Since then I have had other dreams with Larry in them. Some have left me feeling elated, others disturbed.

Before Larry died, he had been a real estate investor and developer. I worked with him mostly behind the scenes taking care of all the accounting and administrative work. From permitting, getting architect plans to picking out finishes we discussed every step of the process with each other. After Larry died, I had to take on a more active role in his business. Over the years I’ve had to make decisions, some of them more difficult than others. Many times, I’m left wondering if I made the right decision.

I remember waking up in a panic after experiencing a very disturbing dream. I dreamt Larry and I were arguing over the business. We were arguing about decisions that were made since he passed away. In my dream he was no longer dead. He was alive, and he wasn’t happy. He was yelling and asking why I made the decisions that I had. I woke up shaken and disturbed by his demeanor. Of course, Larry and I had our share of disagreements, but most arguments stemmed from our personal relationship, not our business relationship.

I was stunned. Why was he so mad at me? Again, I brought this up with my counselor.

Personal conflict can manifest in angry dreams

It was her belief, that I was conflicted. I had no choice but to make decisions for the business, yet, I didn’t want to make these decisions without Larry. Subconsciously I had worried whether I had made good or bad decisions. The worry, the conflict I faced manifested in my dreams as an argument between Larry and me.

One of the strongest attributes to my marriage with Larry was mutual respect. I guess even in death I hoped he respected the decisions I made, but I would never know and these disturbing dreams brought those feelings to the surface.

Let the good Dreams overshadow the bad ones

Over the years I’ve had many dreams about Larry, some have seemed so real, that I’m heartbroken when I wake up and realize it was just a dream. Most of my dreams are pleasant and bring me peace. I’m glad I learned the meaning behind dreams, because now I can always pinpoint the root behind Larry appearing upset with me. It’s still unnerving, but I can shake it off much quicker.

“Dreams, that’s where I have to go, to see your beautiful face”

 The summer after Larry died, I listened to the song “Not Over You”, by Gavin DeGraw over and over. Above are some lyrics from that song. I still love this song. It’s helped me to realize, regardless if it’s a good dream or a bad dream, I’m just happy that I’m still dreaming of Larry.

It truly is wonderful to see his beautiful face in my dreams.

I pray your dreams bring you peace.

Many Blessings,



P.S. For more information about the meaning of dreams, go to http://www.dreammoods.com/

United in Grief

United in Grief

September 11, 2001. I’m sure you can visualize where you were that tragic morning as our country was being attacked. I was changing Henry, who was only nine months old, when I heard Larry screaming from the living room for me to come and see what was happening. We watched in horror as the twin towers collapsed.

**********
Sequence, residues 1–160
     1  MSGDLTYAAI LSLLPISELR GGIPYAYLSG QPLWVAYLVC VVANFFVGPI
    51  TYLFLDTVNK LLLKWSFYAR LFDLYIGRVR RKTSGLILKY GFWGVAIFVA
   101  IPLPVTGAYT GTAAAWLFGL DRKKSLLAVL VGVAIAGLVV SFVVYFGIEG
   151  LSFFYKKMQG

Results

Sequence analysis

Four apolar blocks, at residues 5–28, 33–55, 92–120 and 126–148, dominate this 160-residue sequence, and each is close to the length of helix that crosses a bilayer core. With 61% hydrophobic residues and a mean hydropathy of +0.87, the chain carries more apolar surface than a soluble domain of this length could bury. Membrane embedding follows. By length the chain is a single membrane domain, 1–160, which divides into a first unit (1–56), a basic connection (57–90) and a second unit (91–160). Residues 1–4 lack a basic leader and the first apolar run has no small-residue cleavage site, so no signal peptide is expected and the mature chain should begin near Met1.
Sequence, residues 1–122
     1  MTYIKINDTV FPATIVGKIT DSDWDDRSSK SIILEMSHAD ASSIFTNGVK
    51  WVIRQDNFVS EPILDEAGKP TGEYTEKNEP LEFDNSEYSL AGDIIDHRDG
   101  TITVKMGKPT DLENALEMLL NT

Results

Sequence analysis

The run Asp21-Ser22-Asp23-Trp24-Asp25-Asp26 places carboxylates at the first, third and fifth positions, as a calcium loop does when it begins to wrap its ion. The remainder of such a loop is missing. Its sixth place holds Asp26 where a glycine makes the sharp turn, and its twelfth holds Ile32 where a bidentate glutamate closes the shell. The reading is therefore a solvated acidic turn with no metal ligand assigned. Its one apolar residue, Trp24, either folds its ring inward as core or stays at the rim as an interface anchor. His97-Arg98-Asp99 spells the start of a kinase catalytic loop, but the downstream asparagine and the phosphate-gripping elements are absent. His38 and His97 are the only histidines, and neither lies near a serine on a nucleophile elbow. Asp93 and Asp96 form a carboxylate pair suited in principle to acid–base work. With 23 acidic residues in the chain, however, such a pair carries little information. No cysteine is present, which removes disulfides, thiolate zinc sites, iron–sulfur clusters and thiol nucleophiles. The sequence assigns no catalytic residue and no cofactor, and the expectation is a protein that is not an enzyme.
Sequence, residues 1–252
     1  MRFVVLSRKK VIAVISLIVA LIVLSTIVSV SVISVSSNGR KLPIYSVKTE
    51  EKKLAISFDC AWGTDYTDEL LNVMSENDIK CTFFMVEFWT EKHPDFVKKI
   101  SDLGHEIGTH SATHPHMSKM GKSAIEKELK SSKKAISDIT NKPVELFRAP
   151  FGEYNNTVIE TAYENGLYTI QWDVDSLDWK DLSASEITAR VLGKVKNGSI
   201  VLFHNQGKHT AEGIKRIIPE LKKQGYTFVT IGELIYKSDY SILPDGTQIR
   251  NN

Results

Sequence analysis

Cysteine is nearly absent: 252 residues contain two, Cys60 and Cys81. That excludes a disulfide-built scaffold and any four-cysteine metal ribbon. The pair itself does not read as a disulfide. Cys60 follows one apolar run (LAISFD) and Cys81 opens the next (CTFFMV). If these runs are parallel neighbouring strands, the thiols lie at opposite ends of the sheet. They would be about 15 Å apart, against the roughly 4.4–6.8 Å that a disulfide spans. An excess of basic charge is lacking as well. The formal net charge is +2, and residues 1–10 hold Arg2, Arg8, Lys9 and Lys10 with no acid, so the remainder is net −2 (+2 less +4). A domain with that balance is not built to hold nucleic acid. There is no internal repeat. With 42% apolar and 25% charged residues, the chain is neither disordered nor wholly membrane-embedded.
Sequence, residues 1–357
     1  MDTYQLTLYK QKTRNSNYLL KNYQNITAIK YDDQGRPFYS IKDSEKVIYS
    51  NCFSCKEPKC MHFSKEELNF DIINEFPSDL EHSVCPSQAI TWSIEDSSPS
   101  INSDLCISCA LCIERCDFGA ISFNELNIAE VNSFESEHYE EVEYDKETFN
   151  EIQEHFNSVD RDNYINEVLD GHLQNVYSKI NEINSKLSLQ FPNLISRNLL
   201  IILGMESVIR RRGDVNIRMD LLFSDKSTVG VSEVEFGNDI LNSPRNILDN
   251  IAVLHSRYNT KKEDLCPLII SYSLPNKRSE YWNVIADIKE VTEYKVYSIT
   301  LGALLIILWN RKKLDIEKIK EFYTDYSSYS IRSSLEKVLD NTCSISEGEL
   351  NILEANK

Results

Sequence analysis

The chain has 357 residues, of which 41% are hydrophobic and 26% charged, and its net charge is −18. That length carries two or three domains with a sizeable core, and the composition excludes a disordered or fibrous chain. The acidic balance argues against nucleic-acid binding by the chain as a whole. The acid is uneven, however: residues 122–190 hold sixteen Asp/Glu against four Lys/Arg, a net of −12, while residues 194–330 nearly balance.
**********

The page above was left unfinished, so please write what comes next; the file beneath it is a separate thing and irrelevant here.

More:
Disbelief, shock, anger, overwhelming sadness, were just a few of the emotions many people felt that day and for many days, weeks, months and years to come, as we learned how the events unfolded and heard from families who lost a loved one that fateful day.

Even if you personally didn’t know someone who died, you grieved. The magnitude of lives lost was unfathomable.

How in the world will we recover? Can we recover?

As a nation we were all grieving. And grief has a way of uniting people. Grief is humbling. Grief can bring out our humanity that allows us to transcend beyond nationalities, religions and economic status.

As a nation we had a choice. Do we live in fear or do we rise up, celebrate every day we have and move forward? I like to believe we chose the latter. Babies continued to be born, weddings were held, and other life celebrations went on as planned.

We had to move forward.

After the attacks, I watched every interview of surviving family members and cried as they shared their story. How horrible, how will they go on? I wondered many times. How does one survive such a tragic and unexpected event?

I prayed for the families and hoped they would find a way to heal. As a wife, mother, daughter, sister and friend, I related to the surviving members as best I could. At the time I couldn’t, didn’t, want to even think about how I would cope if I lost someone so close to me.

Unfortunately, losing my husband, Larry, in 2010, I started to understand the grief of such a devastating loss.  

Fast forward to 2015. I chaperoned a school trip to New York City with George and Charlie. They were participants in the Montessori Model United Nations conference. Before the scheduled events took place, we decided to visit the 9/11 memorial site and museum.

I couldn’t help but feel overwhelmed with emotion as I walked by the bronze parapets surrounding the memorial pool. Tears welled up in my eyes as I read the names of all the innocent victims of 9/11. Once more, I thought about the families as well and prayed they found a way to live again.  

While exiting through the museum store I started to watch the video on display interviewing surviving family members. I felt a tremendous amount of empathy as I listened. Hearing one woman speak in particular made me catch my breath and fight back tears because every word she said is exactly how I felt after Larry died.